Doing Church as a Team) suggests that when we consider new plans and programs, we take guidance from the words God spoke to Moses as he led the children of Israel through the wilderness and into the Promised Land: Make two trumpets of hammered silver, and use them for calling the community together and for having the camps set out (Numbers 10:1-2). God told Moses to make trumpets of silver—but where would former slaves find this precious metal? It’s here that we see God’s ministry strategy.
- Begin with what you have. Fortunately, God had already made provision for the Israelites to execute the plan. Exodus 12:36 tells us, “The LORD had made the Egyptians favorably disposed toward the people, and they gave them what they asked for; so they plundered the Egyptians.” There is always the temptation in ministry to focus on what you don’t have instead of what you have. What is it that God has already placed into your hands? I suggest you start with your greatest resource—people. Most of us have a burning desire for ministry in our hearts, but we have never been encouraged or equipped to pursue our heart’s longing to minister and to serve. Maybe you’ve heard of a concept called Capacity Mapping. This is when a coach looks at the players he has at the beginning of the season and asks, “What are our goals, and what are our current strengths according to those goals?” He then makes a strategic plan to achieve capacity. The question you should be asking in ministry is this: what strengths do we currently have without additional training, resources, and money? What precious commodities can be found within our people? Find a white board. Map your capacity, and you’ll be amazed at what God has already placed into your hands.
- Blow a clear trumpet. Notice that God commanded Moses to “make yourself” these trumpets (Num. 10:1). Moses was not to buy them, rent them or borrow them. He was to hammer them out for himself and learn to blow them clearly. These uniquely created trumpets were to be used to call the congregation together. Most of us at one time or another have borrowed trumpets fashioned by others to motivate our people. Remember: only you and those with whom you do ministry can discern the distinct call needed for your ministry and community. So discuss: what is one unique need within our community that we can begin to serve immediately?
- Take back hammering techniques. So, what should we take back from other ministries? Learn principles and new perspectives, but don’t buy ready-made trumpets. It is much better to give your people the permission and protection they need to live out their passions and gather to themselves others to help them make the vision a reality. Brian Sanders writes, “Empowerment is not about giving someone the right to do something; it’s connecting people to the authority they already have from God to live out their calling” (Outreach, March/April 2018, 111). When people are encouraged to create ministry out of their unique calling and talents, the old adage is realized: “People support what they created.” Instead of a top-down approach – “here’s a borrowed program to implement” – why not gather people and ask better questions: “If this church could accomplish three things, what would they be?”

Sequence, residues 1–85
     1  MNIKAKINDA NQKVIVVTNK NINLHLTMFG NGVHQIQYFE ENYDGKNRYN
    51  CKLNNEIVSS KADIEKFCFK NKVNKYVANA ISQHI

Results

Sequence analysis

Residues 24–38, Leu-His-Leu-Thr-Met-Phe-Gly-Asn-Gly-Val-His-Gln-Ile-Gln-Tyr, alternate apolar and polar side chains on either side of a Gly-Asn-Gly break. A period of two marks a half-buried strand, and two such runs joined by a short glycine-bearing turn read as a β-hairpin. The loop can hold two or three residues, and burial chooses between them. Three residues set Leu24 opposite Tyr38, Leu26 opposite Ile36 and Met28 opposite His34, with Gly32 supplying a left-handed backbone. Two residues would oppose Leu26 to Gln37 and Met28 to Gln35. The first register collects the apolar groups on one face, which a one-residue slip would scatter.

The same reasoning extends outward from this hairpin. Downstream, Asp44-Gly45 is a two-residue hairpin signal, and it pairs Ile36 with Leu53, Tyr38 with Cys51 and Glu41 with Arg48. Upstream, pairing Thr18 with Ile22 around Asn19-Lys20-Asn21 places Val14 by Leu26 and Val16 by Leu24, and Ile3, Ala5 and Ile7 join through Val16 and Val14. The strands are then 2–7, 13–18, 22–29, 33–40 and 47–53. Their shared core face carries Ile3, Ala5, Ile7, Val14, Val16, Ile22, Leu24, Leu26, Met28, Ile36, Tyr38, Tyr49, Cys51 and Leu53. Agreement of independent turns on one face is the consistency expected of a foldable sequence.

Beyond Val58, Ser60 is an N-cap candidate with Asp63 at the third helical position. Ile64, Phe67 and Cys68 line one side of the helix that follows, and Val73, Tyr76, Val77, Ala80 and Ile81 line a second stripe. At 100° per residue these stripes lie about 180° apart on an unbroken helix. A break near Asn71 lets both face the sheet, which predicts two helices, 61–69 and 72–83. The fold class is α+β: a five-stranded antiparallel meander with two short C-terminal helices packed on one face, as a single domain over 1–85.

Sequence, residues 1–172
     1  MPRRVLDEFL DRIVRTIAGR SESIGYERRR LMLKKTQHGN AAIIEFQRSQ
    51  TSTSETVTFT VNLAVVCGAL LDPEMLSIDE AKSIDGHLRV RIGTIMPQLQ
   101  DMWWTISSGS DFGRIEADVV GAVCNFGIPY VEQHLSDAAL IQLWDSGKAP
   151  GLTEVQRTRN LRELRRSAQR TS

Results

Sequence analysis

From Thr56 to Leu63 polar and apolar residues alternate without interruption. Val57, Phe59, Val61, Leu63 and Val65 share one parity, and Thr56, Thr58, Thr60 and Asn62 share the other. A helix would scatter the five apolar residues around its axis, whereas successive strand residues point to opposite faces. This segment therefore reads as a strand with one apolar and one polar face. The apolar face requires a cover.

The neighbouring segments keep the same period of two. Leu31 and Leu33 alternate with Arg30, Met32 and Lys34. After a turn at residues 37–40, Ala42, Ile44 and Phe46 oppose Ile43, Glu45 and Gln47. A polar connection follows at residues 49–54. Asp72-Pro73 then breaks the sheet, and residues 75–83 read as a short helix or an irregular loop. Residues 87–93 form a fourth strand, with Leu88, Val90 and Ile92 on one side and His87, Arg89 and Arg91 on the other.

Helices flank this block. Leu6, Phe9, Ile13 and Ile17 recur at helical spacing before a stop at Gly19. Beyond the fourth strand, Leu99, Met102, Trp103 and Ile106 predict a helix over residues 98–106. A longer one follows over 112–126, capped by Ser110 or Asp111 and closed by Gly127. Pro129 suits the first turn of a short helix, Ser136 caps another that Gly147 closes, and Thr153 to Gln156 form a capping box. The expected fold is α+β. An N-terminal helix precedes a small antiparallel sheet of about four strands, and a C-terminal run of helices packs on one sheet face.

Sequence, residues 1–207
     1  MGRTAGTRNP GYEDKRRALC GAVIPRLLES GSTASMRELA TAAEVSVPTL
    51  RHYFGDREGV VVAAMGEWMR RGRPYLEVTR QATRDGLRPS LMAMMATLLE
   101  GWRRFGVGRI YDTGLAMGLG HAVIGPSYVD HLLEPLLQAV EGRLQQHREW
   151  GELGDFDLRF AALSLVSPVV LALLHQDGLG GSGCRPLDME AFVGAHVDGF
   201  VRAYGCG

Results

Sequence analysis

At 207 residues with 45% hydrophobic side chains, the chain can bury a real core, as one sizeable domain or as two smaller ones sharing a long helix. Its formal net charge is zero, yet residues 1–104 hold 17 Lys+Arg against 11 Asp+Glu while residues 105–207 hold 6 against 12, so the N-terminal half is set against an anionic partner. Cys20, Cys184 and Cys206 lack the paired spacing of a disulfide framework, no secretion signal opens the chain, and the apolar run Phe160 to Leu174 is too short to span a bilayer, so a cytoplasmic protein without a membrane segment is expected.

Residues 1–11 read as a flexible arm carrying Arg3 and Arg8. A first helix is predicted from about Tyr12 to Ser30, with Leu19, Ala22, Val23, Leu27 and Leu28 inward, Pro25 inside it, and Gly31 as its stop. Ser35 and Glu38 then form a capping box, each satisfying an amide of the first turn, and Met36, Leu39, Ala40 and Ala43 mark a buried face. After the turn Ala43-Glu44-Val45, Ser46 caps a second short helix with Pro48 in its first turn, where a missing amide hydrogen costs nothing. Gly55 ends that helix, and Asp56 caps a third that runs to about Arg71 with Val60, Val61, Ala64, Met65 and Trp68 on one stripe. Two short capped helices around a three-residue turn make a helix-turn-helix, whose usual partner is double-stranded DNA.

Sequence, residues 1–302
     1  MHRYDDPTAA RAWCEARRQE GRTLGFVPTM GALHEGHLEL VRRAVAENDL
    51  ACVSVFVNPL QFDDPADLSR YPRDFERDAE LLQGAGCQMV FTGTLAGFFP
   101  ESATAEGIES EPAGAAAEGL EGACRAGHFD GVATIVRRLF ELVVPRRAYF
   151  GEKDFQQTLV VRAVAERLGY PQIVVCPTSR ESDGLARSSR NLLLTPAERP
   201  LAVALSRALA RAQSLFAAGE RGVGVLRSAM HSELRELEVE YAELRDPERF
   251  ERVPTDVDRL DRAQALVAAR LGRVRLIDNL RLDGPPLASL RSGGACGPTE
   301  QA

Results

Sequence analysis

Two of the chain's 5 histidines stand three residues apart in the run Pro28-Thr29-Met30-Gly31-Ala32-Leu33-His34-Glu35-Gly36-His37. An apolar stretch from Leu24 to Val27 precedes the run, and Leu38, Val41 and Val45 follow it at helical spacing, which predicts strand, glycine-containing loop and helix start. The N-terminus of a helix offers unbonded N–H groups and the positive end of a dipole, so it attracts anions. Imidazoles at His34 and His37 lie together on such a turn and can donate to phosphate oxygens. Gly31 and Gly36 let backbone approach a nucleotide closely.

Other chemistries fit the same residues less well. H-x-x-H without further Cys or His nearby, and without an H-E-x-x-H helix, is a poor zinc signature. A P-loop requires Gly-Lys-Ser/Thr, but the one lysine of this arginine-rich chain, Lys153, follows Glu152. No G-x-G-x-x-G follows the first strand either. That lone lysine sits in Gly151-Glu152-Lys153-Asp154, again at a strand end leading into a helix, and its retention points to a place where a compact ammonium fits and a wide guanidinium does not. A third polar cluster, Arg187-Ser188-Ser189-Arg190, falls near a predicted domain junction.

Remember: the reason the trumpets of others work so well in their communities is that the leaders have taken the time to hammer them out for themselves. Each of us must do the same. God told Moses, “Make two trumpets.” From the very beginning, Moses had to recruit and train others. Our success as servant-leaders will always be dependent upon gathering other divinely empowered men and women together to engage in the creative work of God. Looking for someone to lead a visioning process for your congregation? Contact us at www.dbministrycoach.com. We have experienced facilitators to help you discover your congregation’s unique gifts and talents. We won’t give you a trumpet; we’ll help you hammer out your own! We offer engaging weekend workshops to help you discern your congregation’s unique path forward.
Have you ever been to a conference or lectureship, only to feel more discouraged when you left than when you arrived? You hear someone speak convincingly about a successful ministry or program in their congregation. You are convinced this could work for you. Then you return home, less than optimistic that you could realize the same results.
Wayne Cordeiro (